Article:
We scouted from below, from above, from a tree, and scouted some more. Finally, Dane, Nick, and I got dressed, with the idea that Dane would run it, but he wanted to look one more time after he got dressed. You could see his mind going a mile a minute, running all of the scenarios through his head, how to do it right, how to screw it up. Nick was doing the same, and so was I but I was doing it from the perspective of how Dane or Nick would fall and land, versus how I would, in this case. I think I am less nervous when it is me doing the scouting for myself, as you are just a spectator, or on safety and watching your kids run something this far out on the edge of the what is possible is clearly a defining moment, or could be. The downside of doing it wrong is a lifetime of paying the price, or worse. The upside of doing it right is just another self affirming moment that you can do something that nobody else can do, so that you can move on to the next one. Of course it is fun, but the fun is the overcoming of the challenge, of employing the years of learning, playing, studying, thinking, practicing, and overcoming smaller obstacles. When Dane decided it was “go time” and that he was going to put in 100′ above a 100′ drop and float into it, pitch vertically and try to control the vertical plunge and land in a way that is injury free and you can paddle away, he wasn’t trying to set any records, or find fame, fortune, etc.. He just wanted to run Ozone Falls, a local waterfall that he learned about last year when Pat came from NC and ran it. It isn’t Dane’s biggest waterfall, either, but this one he woke up in his own bed in Rock Island and then drove the 45 minutes to it.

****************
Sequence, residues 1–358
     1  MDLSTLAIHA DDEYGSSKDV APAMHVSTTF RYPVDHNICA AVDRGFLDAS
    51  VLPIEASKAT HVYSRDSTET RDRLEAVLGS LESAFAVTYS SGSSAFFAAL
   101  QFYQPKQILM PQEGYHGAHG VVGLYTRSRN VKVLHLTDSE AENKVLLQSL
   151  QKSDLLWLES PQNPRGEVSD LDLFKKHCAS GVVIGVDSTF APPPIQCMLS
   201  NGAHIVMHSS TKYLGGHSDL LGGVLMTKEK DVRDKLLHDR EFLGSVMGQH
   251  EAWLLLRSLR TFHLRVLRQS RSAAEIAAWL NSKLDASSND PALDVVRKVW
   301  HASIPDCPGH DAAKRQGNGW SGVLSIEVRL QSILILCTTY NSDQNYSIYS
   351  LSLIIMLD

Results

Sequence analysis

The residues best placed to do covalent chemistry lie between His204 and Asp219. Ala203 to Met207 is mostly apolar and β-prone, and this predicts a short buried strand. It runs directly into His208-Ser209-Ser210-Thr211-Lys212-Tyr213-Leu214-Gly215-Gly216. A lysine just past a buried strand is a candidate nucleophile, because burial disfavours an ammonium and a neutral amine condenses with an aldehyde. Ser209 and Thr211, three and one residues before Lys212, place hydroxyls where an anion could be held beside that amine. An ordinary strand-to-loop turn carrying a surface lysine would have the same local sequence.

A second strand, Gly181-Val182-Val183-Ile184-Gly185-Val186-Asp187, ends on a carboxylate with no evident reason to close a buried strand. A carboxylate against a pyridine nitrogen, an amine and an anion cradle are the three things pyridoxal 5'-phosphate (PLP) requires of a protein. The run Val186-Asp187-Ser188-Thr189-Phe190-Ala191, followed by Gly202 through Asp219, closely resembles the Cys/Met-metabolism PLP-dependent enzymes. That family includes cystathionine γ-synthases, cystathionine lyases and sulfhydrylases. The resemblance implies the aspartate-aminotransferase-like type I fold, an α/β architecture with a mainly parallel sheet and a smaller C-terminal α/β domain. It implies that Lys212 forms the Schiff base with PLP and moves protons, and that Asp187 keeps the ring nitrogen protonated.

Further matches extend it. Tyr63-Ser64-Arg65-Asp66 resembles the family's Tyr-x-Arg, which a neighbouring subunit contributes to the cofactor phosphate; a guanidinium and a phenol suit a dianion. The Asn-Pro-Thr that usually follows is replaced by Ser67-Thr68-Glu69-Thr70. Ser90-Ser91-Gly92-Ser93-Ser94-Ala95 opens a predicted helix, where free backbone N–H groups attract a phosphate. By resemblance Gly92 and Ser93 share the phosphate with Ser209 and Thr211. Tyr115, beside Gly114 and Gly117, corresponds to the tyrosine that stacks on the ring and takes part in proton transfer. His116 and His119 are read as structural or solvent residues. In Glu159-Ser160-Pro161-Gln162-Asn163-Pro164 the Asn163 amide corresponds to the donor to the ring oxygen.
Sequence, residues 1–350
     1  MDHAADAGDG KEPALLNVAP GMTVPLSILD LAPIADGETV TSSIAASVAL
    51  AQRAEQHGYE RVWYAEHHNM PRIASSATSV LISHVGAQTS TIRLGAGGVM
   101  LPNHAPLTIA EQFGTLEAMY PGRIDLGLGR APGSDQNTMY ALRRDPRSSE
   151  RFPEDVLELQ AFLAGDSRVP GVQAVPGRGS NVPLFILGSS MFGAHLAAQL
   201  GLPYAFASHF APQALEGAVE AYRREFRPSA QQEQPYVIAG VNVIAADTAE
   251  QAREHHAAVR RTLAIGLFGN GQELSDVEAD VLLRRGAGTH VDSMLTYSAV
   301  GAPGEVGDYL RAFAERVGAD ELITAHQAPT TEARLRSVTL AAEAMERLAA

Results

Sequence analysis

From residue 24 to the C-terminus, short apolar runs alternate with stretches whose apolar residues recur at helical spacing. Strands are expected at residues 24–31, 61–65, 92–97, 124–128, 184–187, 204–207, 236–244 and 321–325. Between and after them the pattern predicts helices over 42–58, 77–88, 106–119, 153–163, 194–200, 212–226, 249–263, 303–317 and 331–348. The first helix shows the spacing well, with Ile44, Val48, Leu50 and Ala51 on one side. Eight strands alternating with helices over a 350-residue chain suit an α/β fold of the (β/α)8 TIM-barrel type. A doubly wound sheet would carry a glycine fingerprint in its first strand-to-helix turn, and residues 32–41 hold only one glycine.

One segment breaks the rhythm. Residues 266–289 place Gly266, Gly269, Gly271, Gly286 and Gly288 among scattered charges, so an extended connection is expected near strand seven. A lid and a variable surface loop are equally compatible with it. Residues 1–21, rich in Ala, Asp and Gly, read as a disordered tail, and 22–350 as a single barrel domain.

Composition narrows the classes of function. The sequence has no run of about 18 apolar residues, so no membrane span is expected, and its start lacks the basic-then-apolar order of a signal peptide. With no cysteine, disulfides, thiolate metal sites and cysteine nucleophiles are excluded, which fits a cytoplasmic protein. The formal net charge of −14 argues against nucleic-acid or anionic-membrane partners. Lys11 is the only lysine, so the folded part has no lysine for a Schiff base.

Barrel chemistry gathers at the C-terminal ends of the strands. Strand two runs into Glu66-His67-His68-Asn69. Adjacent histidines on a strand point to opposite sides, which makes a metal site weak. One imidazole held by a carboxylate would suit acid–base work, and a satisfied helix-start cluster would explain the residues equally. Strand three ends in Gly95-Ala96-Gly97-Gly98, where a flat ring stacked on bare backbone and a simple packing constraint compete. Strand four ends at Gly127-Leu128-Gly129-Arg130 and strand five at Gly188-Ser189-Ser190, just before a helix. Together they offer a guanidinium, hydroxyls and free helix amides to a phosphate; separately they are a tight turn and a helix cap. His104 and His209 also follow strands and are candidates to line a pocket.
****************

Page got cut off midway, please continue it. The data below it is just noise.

I walked down the trail with my kayak, fully dressed, and would be waiting at the bottom for when he landed. Nick was on the lip to signal Dane’s approach. At this stage there is nothing you can do but wait and watch. Running a waterfall is easy- paddle up, float over, and gravity does the rest. Running a waterfall in a specific way that you land how you want takes skill. The higher the waterfall the harder it is to land at an acceptable angle, the more skill it takes. At 100′ boofing, or landing at all flat on a falls like this (low volume) would destroy your back instantly, it really isn’t an option and is the single thing that you are trying to prevent. Pitching over the bars and landing on your head is not fun, but it is the best of the screw ups you can do. You are most likely going to be ejected from your boat instantly, as your boat stops on the surface of the water, but your body continues into the water ripping you right out of the boat. Typically kayakers who are ejected are not hurt seriously, as long as the pool is safe to swim in. Dane said all of the right things- setting his plan up to go vertical, planning each stroke, or lack of stroke and body position to assure to go at least to 90′, and perhaps more. For this reason, I was comfortable that his run would not cause serious injury, as he is really good at controlling his boat while falling. Still, I sit there waiting for Nick’s thumbs up. He gives me the “spray skirt on” signal, which for Dane means about 60 more seconds. then the “it is a go” signal and he aimed his camera at the lip. I had my GoPro Session on my head and just let it run.